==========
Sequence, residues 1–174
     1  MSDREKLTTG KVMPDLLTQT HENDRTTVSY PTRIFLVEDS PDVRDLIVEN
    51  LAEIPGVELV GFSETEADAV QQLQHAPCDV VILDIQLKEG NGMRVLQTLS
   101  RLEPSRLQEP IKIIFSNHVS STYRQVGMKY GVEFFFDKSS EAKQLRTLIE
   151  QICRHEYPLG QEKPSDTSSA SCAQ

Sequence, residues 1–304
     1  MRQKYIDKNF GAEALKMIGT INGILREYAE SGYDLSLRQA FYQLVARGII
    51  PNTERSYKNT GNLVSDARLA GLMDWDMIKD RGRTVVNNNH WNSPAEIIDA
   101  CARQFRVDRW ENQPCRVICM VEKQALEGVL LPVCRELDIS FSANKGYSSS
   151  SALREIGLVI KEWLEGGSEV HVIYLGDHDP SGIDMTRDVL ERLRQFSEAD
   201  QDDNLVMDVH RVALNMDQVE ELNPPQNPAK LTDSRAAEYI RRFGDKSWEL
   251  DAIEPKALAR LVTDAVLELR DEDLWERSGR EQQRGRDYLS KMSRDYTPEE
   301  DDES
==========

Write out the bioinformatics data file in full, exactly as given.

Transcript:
Sequence, residues 1–174
     1  MSDREKLTTG KVMPDLLTQT HENDRTTVSY PTRIFLVEDS PDVRDLIVEN
    51  LAEIPGVELV GFSETEADAV QQLQHAPCDV VILDIQLKEG NGMRVLQTLS
   101  RLEPSRLQEP IKIIFSNHVS STYRQVGMKY GVEFFFDKSS EAKQLRTLIE
   151  QICRHEYPLG QEKPSDTSSA SCAQ

Sequence, residues 1–304
     1  MRQKYIDKNF GAEALKMIGT INGILREYAE SGYDLSLRQA FYQLVARGII
    51  PNTERSYKNT GNLVSDARLA GLMDWDMIKD RGRTVVNNNH WNSPAEIIDA
   101  CARQFRVDRW ENQPCRVICM VEKQALEGVL LPVCRELDIS FSANKGYSSS
   151  SALREIGLVI KEWLEGGSEV HVIYLGDHDP SGIDMTRDVL ERLRQFSEAD
   201  QDDNLVMDVH RVALNMDQVE ELNPPQNPAK LTDSRAAEYI RRFGDKSWEL
   251  DAIEPKALAR LVTDAVLELR DEDLWERSGR EQQRGRDYLS KMSRDYTPEE
   301  DDES